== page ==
New Orleans Donald Trump showed up for three hours in Baton Rouge yesterday to make whatever hay he might out of the 1000-year flood in the area. Obama will be coming next week. He’ll be leaving his vacation on Martha’s Vineyard or some such and answering the cries of daily editorials in the Louisiana newspapers calling for him.
There was a picture of Trump in many of the newspapers along with his vice-presidential running mate, Indiana’s governor Mike Pence. The photo op had them helping unload a truck with donated supplies and helping hand those out in the blistering heat and suffocating humidity that makes a Louisiana day in an August summer the stuff of tropical legend. What struck me though was the fact that Trump was still “in uniform.”
Pence was wearing a short sleeve shirt with an open collar. Trump had on his now iconic white golf cap, which reportedly is his sartorial strategy to hold the comb over in place so he doesn’t get caught by any of the political photojournalist paparazzi with his remaining hair flying akimbo in all directions. Not surprisingly, it was also one of his key fundraising strategies throughout the campaign. He was wearing his usual white shirt and dark jacket. No tie, but this is clearly his all-purpose uniform. He has no message discipline, but total and absolute fashion discipline. His image is clearly what he sees as important and paramount, not his message. I find that fascinating and frightening at the same time. This is what presidential means to him.
But, it’s also a product of the media flesh-eating machine. Over the last week we’ve had more than our share of articles about the “buns” in the women’s hair at the Olympics and the number of sequins and rhinestones in the women gymnasts’ outfits. It all got to the point that a rouge feminist interviewer in Rio, watched by my daughter, was interviewing male Olympians and asking them about their uniforms and asking them to “take a twirl” for the viewers.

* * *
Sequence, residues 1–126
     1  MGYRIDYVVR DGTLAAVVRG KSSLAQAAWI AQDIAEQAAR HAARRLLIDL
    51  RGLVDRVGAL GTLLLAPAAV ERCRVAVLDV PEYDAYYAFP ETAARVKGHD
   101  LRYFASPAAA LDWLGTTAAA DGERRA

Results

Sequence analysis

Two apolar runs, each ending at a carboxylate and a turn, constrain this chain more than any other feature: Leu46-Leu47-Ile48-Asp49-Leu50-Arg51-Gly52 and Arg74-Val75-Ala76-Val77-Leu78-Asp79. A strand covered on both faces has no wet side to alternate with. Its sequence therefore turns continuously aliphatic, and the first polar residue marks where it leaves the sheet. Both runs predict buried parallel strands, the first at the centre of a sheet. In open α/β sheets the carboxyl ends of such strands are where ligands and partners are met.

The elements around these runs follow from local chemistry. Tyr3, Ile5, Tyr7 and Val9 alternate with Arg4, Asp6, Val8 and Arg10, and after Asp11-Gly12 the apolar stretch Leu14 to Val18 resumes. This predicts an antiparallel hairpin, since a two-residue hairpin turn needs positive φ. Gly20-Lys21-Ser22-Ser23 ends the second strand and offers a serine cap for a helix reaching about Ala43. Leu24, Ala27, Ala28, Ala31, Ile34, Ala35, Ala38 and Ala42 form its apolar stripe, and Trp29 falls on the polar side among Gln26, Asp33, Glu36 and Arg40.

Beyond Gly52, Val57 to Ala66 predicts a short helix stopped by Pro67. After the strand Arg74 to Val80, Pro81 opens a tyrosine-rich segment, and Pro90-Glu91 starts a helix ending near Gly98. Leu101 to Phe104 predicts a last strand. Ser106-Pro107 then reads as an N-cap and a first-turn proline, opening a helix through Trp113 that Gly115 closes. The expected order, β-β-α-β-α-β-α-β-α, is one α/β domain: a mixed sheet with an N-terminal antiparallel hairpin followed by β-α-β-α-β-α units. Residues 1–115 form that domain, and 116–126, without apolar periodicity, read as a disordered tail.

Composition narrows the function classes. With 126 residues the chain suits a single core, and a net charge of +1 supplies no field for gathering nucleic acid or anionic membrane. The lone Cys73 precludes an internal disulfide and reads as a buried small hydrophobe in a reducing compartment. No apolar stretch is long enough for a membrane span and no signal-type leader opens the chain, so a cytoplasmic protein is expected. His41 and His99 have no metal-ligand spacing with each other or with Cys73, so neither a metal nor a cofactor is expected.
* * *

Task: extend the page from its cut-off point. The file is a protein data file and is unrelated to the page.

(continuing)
Reading the business section of the big national newspapers it becomes easier to follow the Trump uniform and its challenges, particularly at the gender divide. For Trump – and many other business folks – this is all about their “brand.” Women pictured in those pages and elsewhere have greater challenges. Of course there is Hillary and her pantsuits and big jackets, Marissa Mayer and her colorful combinations at Yahoo, or Sheryl Sandberg and her dark-colored monotones at Facebook, but for the rest of the tribe there is uncertainty. Do they go with the rigid, formal suit or the summer flounce to message professionalism or friendliness?
Why can’t we move past the trivialities of “dad” jeans and sleeveless dresses? Certainly Trump doesn’t mean to teach us anything, but his boring, standard issue uniform is a clear message he is shrewdly planting in all of us, whether we like it or not.